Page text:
In the end, our advice is the same as earlier with slightly different numbers – begin with a manufacturer’s sampling rate of around 800 ppi for items that will be magnified 3 to 5 times.  For negatives, try to start with a manufacturer’s sampling rate of 1200 ppi to 1800 ppi.  Examine the results carefully – if you are happy, start production.  If not, be aware that expenses and time increase dramatically with increasing requirements.  Then grit your teeth and try a higher sampling rate, or another scanner, or a different workflow, or some final output sharpening.  Vary one control at a time and determine what meets your requirements.

 

 

 

 

 

 

2 Comments

  1. Terry Harrison
    March 2, 2013 at 9:07 am

    Barry, thank you.

    Every article like this that you can write furthers our ability to preserve our culture. There is a delicate moment when an item is digitized, governed by the acumen of the preservationist (in the lab or in the home), that determines the quality at which future generations will be able to regard the image. Sharing your understanding of the preservation technologies with the public helps dial up the quality of the public’s own preservation efforts, helping us to better shepherd the image into the digital realm.

    Cheers,
    Terry Harrison

  2. kiyohisa Tanada
    March 3, 2013 at 5:25 am

    Improvement of “the resolution of the photograph” is necessary work.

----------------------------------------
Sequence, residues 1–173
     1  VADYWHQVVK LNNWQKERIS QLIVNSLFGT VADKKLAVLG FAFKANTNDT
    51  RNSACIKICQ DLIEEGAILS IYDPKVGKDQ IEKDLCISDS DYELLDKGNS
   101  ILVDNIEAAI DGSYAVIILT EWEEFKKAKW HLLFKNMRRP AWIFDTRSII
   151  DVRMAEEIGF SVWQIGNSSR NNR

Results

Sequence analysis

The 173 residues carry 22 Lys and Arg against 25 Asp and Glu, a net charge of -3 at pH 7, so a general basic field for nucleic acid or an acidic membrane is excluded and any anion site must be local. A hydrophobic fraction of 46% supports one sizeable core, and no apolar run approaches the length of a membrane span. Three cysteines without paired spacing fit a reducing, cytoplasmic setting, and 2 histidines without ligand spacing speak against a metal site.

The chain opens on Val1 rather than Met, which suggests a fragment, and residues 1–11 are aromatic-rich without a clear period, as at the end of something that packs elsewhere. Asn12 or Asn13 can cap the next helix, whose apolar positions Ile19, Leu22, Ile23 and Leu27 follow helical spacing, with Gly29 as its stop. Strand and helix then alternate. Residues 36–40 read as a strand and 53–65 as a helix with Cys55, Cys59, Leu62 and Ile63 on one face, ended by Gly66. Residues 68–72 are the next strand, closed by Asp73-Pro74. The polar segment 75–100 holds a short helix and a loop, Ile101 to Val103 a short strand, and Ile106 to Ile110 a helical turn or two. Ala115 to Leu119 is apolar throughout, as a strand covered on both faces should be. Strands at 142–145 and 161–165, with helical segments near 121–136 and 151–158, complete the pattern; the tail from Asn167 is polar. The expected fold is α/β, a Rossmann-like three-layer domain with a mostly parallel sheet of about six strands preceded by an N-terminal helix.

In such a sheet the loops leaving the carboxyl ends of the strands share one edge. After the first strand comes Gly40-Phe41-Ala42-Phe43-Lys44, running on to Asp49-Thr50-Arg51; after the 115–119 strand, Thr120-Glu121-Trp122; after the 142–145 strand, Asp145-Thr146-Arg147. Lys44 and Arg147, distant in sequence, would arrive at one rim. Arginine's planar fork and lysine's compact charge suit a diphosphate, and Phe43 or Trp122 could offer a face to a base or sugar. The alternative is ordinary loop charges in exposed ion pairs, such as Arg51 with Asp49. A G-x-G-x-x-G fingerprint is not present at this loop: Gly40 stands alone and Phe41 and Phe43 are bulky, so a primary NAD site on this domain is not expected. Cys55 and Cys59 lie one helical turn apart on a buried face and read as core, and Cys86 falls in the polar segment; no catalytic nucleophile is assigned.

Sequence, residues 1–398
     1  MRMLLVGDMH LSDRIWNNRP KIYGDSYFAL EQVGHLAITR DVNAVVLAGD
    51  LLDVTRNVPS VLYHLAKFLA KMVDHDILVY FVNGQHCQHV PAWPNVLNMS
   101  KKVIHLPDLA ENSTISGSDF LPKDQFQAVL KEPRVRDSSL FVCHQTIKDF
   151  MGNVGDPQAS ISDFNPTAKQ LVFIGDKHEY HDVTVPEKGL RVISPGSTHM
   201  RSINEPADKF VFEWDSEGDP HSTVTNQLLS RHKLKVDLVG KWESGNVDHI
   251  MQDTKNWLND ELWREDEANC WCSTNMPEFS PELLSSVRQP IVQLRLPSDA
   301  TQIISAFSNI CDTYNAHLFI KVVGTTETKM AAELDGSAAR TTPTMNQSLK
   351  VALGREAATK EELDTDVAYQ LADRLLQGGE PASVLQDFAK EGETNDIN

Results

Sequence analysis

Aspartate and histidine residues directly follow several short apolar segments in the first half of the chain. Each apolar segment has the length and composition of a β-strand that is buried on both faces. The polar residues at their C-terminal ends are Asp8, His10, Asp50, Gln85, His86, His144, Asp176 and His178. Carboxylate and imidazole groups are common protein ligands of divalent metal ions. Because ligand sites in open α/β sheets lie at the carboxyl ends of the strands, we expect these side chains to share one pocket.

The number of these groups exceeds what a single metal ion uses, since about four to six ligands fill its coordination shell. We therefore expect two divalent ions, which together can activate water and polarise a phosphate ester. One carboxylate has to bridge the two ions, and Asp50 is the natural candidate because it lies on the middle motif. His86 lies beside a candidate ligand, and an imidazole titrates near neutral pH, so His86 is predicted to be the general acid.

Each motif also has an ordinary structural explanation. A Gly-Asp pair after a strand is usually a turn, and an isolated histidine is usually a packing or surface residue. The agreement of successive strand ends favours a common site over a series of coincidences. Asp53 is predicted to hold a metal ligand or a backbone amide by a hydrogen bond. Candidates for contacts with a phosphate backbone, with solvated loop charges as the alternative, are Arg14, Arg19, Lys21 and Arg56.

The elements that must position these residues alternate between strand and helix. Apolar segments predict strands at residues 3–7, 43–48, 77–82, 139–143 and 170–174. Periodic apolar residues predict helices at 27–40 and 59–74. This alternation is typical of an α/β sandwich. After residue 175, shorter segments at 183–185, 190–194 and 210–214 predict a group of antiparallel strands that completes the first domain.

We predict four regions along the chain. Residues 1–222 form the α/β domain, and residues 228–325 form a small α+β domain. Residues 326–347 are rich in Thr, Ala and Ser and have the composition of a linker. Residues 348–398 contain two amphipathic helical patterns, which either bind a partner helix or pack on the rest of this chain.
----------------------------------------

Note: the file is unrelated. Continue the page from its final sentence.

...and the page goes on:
The future people will become able to use “the quantum computer” in anyone.
    If it becomes so,
    If “the resolution of the photograph” is bad,
    When the future person “understands nothing”, they will grieve.
    Your working hour will be serious.
    But it is the work that is important for the future.
    Please do its best.

Add a Comment

This blog is governed by the general rules of respectful civil discourse. You are fully responsible for everything that you post. The content of all comments is released into the public domain unless clearly stated otherwise. The Library of Congress does not control the content posted. Nevertheless, the Library of Congress may monitor any user-generated content as it chooses and reserves the right to remove content for any reason whatever, without consent. Gratuitous links to sites are viewed as spam and may result in removed comments. We further reserve the right, in our sole discretion, to remove a user's privilege to post content on the Library site. Read our Comment and Posting Policy.

Required fields are indicated with an * asterisk.